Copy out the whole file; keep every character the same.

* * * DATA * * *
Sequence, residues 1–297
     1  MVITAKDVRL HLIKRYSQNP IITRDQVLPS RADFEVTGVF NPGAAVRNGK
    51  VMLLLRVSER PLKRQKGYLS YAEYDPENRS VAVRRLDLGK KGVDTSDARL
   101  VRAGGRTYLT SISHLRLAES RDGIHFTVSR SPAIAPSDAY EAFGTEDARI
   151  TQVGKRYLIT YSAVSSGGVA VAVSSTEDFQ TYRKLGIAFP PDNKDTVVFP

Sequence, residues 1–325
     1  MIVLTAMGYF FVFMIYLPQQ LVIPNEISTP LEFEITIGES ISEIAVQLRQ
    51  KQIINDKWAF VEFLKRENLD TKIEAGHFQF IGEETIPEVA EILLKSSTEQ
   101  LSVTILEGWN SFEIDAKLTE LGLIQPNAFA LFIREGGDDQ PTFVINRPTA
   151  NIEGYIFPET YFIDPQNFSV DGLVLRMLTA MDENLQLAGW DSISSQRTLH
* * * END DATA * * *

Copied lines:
Sequence, residues 1–297
     1  MVITAKDVRL HLIKRYSQNP IITRDQVLPS RADFEVTGVF NPGAAVRNGK
    51  VMLLLRVSER PLKRQKGYLS YAEYDPENRS VAVRRLDLGK KGVDTSDARL
   101  VRAGGRTYLT SISHLRLAES RDGIHFTVSR SPAIAPSDAY EAFGTEDARI
   151  TQVGKRYLIT YSAVSSGGVA VAVSSTEDFQ TYRKLGIAFP PDNKDTVVFP

Sequence, residues 1–325
     1  MIVLTAMGYF FVFMIYLPQQ LVIPNEISTP LEFEITIGES ISEIAVQLRQ
    51  KQIINDKWAF VEFLKRENLD TKIEAGHFQF IGEETIPEVA EILLKSSTEQ
   101  LSVTILEGWN SFEIDAKLTE LGLIQPNAFA LFIREGGDDQ PTFVINRPTA
   151  NIEGYIFPET YFIDPQNFSV DGLVLRMLTA MDENLQLAGW DSISSQRTLH